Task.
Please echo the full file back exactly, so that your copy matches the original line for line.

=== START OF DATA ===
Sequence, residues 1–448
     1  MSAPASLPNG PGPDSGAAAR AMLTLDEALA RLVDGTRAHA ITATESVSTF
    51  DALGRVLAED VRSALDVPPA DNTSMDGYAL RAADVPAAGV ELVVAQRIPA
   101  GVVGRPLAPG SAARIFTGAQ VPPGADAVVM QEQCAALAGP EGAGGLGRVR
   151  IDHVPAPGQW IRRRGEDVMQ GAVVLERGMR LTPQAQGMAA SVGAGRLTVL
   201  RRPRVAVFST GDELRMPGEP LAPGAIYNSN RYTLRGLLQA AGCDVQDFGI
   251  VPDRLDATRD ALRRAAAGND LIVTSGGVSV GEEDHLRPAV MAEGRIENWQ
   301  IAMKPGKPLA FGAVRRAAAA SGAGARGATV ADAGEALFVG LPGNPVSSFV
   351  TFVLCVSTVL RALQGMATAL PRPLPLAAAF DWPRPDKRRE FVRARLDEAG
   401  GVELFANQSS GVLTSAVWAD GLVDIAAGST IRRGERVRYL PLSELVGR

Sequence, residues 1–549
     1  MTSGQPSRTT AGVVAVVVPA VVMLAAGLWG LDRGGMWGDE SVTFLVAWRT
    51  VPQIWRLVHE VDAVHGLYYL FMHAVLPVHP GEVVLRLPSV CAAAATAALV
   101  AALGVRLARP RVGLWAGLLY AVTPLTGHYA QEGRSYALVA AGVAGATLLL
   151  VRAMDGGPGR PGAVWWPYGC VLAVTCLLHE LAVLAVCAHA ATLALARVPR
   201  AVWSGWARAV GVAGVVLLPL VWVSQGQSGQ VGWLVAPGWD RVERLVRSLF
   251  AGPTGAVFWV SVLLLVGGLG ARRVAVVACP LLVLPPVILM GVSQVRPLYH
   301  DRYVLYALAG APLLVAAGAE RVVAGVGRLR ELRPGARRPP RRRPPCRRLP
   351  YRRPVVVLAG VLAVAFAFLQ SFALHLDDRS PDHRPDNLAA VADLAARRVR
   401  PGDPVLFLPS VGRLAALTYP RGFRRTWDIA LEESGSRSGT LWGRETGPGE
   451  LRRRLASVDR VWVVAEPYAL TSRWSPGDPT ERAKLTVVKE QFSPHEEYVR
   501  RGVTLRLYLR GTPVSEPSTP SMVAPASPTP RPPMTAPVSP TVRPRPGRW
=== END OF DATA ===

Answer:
Sequence, residues 1–448
     1  MSAPASLPNG PGPDSGAAAR AMLTLDEALA RLVDGTRAHA ITATESVSTF
    51  DALGRVLAED VRSALDVPPA DNTSMDGYAL RAADVPAAGV ELVVAQRIPA
   101  GVVGRPLAPG SAARIFTGAQ VPPGADAVVM QEQCAALAGP EGAGGLGRVR
   151  IDHVPAPGQW IRRRGEDVMQ GAVVLERGMR LTPQAQGMAA SVGAGRLTVL
   201  RRPRVAVFST GDELRMPGEP LAPGAIYNSN RYTLRGLLQA AGCDVQDFGI
   251  VPDRLDATRD ALRRAAAGND LIVTSGGVSV GEEDHLRPAV MAEGRIENWQ
   301  IAMKPGKPLA FGAVRRAAAA SGAGARGATV ADAGEALFVG LPGNPVSSFV
   351  TFVLCVSTVL RALQGMATAL PRPLPLAAAF DWPRPDKRRE FVRARLDEAG
   401  GVELFANQSS GVLTSAVWAD GLVDIAAGST IRRGERVRYL PLSELVGR

Sequence, residues 1–549
     1  MTSGQPSRTT AGVVAVVVPA VVMLAAGLWG LDRGGMWGDE SVTFLVAWRT
    51  VPQIWRLVHE VDAVHGLYYL FMHAVLPVHP GEVVLRLPSV CAAAATAALV
   101  AALGVRLARP RVGLWAGLLY AVTPLTGHYA QEGRSYALVA AGVAGATLLL
   151  VRAMDGGPGR PGAVWWPYGC VLAVTCLLHE LAVLAVCAHA ATLALARVPR
   201  AVWSGWARAV GVAGVVLLPL VWVSQGQSGQ VGWLVAPGWD RVERLVRSLF
   251  AGPTGAVFWV SVLLLVGGLG ARRVAVVACP LLVLPPVILM GVSQVRPLYH
   301  DRYVLYALAG APLLVAAGAE RVVAGVGRLR ELRPGARRPP RRRPPCRRLP
   351  YRRPVVVLAG VLAVAFAFLQ SFALHLDDRS PDHRPDNLAA VADLAARRVR
   401  PGDPVLFLPS VGRLAALTYP RGFRRTWDIA LEESGSRSGT LWGRETGPGE
   451  LRRRLASVDR VWVVAEPYAL TSRWSPGDPT ERAKLTVVKE QFSPHEEYVR
   501  RGVTLRLYLR GTPVSEPSTP SMVAPASPTP RPPMTAPVSP TVRPRPGRW